The highly engineered, hugely-praised BMW M5 has just ended production. Not for good though, just the fifth generation; the E60 V10 model (2005-2010).
A BMW M5 is about combining luxury and performance at the most extreme levels. BMW M Division also focus on reliability and durability, providing full warranty like any usual car. Exotic engine materials, fine-tuned throttle bodies and indestructible drivelines are also a strong characteristic that make up an M5. The E60 combined all these ingredients but also added a huge amount of technology, including an F1-inspired 5.0-litre V10 engine, seven-speed semi-automatic gearbox and one of the most comprehensive user interfaces to be used on any car like it.
The E60 generation has been the most successful (in terms of outright sales) model M Division has ever made. M produced a total of 20,548 units, 8800 of which were sold in the American market. Just 1647 units were sold in Germany, funnily enough, though, the wagon version was the most successful in its home country, where 302 of them were sold.
Enthusiasts will always bang on about how the M5 created the segment of the seriously fast, large sedan. And there are elements of truth in that. Even Mercedes-Benz followed in its footsteps and brought out its own ‘M5’, the E55 AMG. Critics largely pointed to the BMW though when it came to ‘driver’s cars’ – ‘a Mercedes was for being driven in while a BMW was to be driven’ was and still is the common argument BMW enthusiasts like to make.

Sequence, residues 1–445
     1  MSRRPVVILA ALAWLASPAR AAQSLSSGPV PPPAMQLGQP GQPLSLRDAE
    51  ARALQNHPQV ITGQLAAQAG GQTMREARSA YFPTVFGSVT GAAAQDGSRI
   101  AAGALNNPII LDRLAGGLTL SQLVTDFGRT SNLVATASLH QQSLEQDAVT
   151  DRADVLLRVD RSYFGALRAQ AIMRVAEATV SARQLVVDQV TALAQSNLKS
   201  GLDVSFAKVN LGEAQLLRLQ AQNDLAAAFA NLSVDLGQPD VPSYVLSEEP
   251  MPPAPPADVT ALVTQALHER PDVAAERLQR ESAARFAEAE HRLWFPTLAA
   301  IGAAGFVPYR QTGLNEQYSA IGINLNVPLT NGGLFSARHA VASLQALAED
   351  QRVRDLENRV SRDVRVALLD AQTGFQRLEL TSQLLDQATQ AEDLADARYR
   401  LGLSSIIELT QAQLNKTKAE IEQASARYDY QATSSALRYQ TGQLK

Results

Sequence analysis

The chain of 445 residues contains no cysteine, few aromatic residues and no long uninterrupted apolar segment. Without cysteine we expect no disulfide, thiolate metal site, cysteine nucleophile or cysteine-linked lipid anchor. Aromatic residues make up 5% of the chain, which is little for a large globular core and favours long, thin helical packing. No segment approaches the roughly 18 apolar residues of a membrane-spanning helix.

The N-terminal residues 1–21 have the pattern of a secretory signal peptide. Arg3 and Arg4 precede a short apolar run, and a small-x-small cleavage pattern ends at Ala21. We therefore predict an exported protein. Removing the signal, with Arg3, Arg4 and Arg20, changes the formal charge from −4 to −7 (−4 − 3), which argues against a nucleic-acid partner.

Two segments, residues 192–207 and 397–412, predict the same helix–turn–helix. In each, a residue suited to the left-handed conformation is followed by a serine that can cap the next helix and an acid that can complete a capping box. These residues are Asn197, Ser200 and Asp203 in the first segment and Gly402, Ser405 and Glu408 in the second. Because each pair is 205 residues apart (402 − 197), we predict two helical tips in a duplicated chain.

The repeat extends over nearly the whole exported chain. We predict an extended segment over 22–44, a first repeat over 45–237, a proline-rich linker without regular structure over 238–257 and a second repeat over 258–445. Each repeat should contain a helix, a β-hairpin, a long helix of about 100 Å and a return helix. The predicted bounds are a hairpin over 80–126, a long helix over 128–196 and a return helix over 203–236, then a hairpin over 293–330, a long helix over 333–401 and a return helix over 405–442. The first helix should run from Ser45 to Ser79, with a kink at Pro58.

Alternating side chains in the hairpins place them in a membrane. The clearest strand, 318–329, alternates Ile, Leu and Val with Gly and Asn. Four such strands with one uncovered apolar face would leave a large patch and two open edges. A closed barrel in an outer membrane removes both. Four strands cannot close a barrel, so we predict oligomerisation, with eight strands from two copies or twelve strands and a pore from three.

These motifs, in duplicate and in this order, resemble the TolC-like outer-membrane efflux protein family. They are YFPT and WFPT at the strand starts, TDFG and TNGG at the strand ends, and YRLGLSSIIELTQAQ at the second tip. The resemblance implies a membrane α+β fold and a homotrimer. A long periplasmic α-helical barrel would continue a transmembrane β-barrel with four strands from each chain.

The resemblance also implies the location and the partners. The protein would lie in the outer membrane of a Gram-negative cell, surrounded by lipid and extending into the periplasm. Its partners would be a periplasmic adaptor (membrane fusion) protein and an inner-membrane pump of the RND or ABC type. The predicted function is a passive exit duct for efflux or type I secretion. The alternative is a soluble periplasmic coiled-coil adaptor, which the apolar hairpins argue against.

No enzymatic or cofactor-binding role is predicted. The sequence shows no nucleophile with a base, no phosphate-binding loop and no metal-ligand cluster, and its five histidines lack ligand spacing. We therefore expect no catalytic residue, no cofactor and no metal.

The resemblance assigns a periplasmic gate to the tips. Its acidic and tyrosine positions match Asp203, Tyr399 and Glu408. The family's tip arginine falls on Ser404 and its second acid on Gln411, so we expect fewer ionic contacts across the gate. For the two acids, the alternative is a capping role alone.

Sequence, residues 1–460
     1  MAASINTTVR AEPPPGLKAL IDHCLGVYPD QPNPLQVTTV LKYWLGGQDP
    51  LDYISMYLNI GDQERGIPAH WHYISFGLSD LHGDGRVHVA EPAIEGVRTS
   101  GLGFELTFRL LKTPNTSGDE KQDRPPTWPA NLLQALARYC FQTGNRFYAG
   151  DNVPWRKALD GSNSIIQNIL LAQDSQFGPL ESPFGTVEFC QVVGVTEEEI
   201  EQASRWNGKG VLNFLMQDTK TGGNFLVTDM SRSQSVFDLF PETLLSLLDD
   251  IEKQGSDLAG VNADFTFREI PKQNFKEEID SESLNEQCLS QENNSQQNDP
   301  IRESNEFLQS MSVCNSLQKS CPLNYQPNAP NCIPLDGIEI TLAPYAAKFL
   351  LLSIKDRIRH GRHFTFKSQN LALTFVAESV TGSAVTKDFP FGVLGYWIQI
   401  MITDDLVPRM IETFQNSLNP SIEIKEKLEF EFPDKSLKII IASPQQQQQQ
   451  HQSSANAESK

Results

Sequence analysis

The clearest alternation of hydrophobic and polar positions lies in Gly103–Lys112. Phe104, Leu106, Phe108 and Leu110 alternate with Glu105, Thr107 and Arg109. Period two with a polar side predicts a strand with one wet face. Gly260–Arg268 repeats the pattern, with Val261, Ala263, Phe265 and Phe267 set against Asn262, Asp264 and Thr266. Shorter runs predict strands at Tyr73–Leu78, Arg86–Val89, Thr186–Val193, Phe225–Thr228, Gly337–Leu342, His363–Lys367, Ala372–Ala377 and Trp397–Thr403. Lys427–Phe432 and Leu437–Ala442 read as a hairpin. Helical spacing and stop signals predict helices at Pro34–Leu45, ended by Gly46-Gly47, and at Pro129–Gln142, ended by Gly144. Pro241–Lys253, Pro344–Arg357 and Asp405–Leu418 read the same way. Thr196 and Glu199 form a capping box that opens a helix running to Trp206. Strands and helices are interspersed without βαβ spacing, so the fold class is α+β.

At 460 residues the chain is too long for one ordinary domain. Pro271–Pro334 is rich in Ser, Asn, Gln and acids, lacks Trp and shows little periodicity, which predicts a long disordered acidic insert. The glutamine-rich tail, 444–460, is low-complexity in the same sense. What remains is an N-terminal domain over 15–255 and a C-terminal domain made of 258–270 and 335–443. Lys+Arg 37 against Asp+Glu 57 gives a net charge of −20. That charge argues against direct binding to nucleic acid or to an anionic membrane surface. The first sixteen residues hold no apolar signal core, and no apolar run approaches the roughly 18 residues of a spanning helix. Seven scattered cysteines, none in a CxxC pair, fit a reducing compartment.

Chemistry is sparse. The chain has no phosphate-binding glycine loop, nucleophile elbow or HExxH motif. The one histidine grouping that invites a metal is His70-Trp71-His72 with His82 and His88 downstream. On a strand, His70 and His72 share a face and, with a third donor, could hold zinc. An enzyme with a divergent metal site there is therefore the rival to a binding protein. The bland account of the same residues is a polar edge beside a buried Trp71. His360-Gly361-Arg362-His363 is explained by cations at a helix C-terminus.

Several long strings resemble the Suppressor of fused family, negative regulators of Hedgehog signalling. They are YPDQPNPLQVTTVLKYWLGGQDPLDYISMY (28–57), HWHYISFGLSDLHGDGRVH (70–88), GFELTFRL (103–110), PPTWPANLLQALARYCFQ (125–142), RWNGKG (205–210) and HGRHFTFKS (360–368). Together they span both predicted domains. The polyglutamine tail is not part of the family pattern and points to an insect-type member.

Even though the production of the current M5 may have ceased, it heightens anticipation as we await the arrival of the new model.
Due to be unveiled at the Frankfurt motor show next year, the new generation leaves behind the M tradition of incorporating a high-revving, normally aspirated engine, and adopts a new twin-turbo V8 for its performance. Definite numbers haven’t been clarified but speculations suggest over 420kW and some 650Nm of torque will be available; much more powerful than any M car ever produced.
Pedigree performance and utter versatility continues to drive one of BMW’s trademark cars. Since the first version in 1985, BMW and M5 have celebrated over 25 years of five-seat performance.